Matchstalk Men and Matchstalk Cats and Dogs

Last night I was still up late and Shane had gone to bed. I could hear noises like something was banging on the side of the boat. This often happens when a boat passes and especially if the ropes have slackened a bit, but there aren’t passing boats at night and I didn’t hear an engine. I was worried when it happened repeatedly. I looked out the window and we were well away from the bank at the back. Someone must have thought it a fine jape to detach the rope from the bollard. Shane dressed and we managed to get Bartimaeus back to the bank and tied tightly. No harm done but disconcerting all the same.

We discussed in the morning whether we should move to the other side where is less footfall, but decided to leave it during the day and just get on with going to The Lowry. It was a very good day for a walk.

When we got there (perhaps clocked by school children with clipboards who seemed to be taking a tally of people passing). I was surprised to have my handbag checked. Shane has been keen to go, but when we arrived we went straight to the cafe for a drink. No rush, the paintings aren’t going anywhere.

His smokey mill chimneys and crowd scenes are famous  but he did many different themes through his life, a lot of the sea in later life. There was a 20 minute video with Lowry speaking much of the time in it. Quite sad and it seems his rather melancholy paintings also are how he found his own life. It was quite poignant and interesting to see the range of painting and drawing of which he was capable.

After lunch we walked back along the wharf and over this bouncy footbridge.

Swing Footbridge

We caught another view of the football stadium from Trafford Wharf and watched a lone boat go under the bridge. We were amused to see it was named the L S Lowry. We admired other artists work along the wharf.  We don’t know the significance of Gnome Island.


Gnome Island, of course.

Like Lowry’s painting, much of the other art reflected the industrial history of the wharf. This one was disconcerting at first sight – a detached chain, apparentlydefying gravity.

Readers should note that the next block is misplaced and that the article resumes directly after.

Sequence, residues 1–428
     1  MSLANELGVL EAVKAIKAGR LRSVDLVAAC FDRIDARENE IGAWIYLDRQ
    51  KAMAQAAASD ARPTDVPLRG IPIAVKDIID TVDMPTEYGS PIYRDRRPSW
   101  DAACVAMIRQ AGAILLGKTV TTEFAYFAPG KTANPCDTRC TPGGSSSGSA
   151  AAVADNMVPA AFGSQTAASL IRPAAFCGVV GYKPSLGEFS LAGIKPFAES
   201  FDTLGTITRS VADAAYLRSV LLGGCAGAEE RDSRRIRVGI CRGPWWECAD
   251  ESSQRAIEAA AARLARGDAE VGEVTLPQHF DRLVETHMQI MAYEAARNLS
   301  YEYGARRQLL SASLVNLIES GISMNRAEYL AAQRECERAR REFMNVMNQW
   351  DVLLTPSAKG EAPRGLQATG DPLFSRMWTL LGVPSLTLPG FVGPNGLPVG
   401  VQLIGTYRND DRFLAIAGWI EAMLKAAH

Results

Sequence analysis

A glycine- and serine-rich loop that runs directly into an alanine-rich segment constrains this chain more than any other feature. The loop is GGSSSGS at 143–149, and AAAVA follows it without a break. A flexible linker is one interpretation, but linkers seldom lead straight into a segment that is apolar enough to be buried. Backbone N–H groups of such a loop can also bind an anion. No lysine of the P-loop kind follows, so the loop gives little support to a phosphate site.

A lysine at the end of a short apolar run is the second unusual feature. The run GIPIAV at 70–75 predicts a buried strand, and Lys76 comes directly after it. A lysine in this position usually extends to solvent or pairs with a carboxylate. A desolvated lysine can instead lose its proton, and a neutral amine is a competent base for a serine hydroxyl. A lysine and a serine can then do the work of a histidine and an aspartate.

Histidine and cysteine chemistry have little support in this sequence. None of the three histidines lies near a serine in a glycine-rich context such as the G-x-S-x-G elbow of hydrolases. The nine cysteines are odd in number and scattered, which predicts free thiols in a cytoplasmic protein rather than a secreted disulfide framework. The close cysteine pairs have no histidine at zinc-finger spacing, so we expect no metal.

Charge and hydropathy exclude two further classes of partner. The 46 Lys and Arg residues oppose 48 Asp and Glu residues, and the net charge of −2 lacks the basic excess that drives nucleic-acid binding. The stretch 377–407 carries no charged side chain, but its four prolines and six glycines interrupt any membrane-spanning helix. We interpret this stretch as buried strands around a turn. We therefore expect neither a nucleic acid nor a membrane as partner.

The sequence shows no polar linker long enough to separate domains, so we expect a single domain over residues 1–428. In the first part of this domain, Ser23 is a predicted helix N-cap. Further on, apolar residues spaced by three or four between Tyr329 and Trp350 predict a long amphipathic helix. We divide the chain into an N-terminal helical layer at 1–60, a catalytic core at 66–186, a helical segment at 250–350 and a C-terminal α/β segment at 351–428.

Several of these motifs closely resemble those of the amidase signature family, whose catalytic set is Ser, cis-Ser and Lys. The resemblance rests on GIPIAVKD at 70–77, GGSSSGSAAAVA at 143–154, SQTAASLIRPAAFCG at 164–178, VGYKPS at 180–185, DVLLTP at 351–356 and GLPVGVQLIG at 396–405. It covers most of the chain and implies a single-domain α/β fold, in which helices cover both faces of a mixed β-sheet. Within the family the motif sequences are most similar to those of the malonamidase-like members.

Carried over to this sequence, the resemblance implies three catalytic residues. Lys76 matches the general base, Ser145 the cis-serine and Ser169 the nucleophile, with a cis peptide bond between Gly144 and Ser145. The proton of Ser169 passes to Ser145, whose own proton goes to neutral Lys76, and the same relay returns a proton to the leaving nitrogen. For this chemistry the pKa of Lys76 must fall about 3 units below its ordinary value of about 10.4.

One of two giant lifting hooks with a chain rising into the sky.

Shane recognised a familiar sight as we were going back. I was very pleased to get to cross the Throstle Nest Bridge myself.

Clare on Throstle Nest Bridge
On Throstle Nest Bridge

This took us back to the towpath of the canal we went along yesterday and this would lead us straight back to Bartimaeus. We caught sight again of LS Lowry and we walked with  it most of the way. We recognised that it was the same company that ran the Emmeline Pankhurst we had seen yesterday. Once back we were surprised to find it there beside us. The party aboard spilled out as I was heading off to the nearby park.


Bartimaeus and LS Lowry. Some matchstalk men departing.

I wanted to capture some pictures from that nearby park we had chanced upon yesterday. This area is called Castlefield, but it doesn’t look like there is a castle from any distance. The name goes very far back. The Romans had  fortification here. 


Roman remains near the park

I had also particularly liked the statue I had seen in the Roman park. Well they are fields after all!



Roamin’ in the Roman remains
Sheep – that wool looks scratchy though.

We only saw one moving boat all day. We spoke to our nearby  boater telling him we had been tampered with in the night and he said that the other side, as we thought, was less likely to attract attention and invited us to rope on the same bollard as him. We have now moved Baritimaeus, using ropes  and gentle nudging, to the other side.


Bartimaeus, more safely esconced.

We may have a more peaceful night. I think the pneumatic drill may accompany us at breakfast again. I have already heard the geese.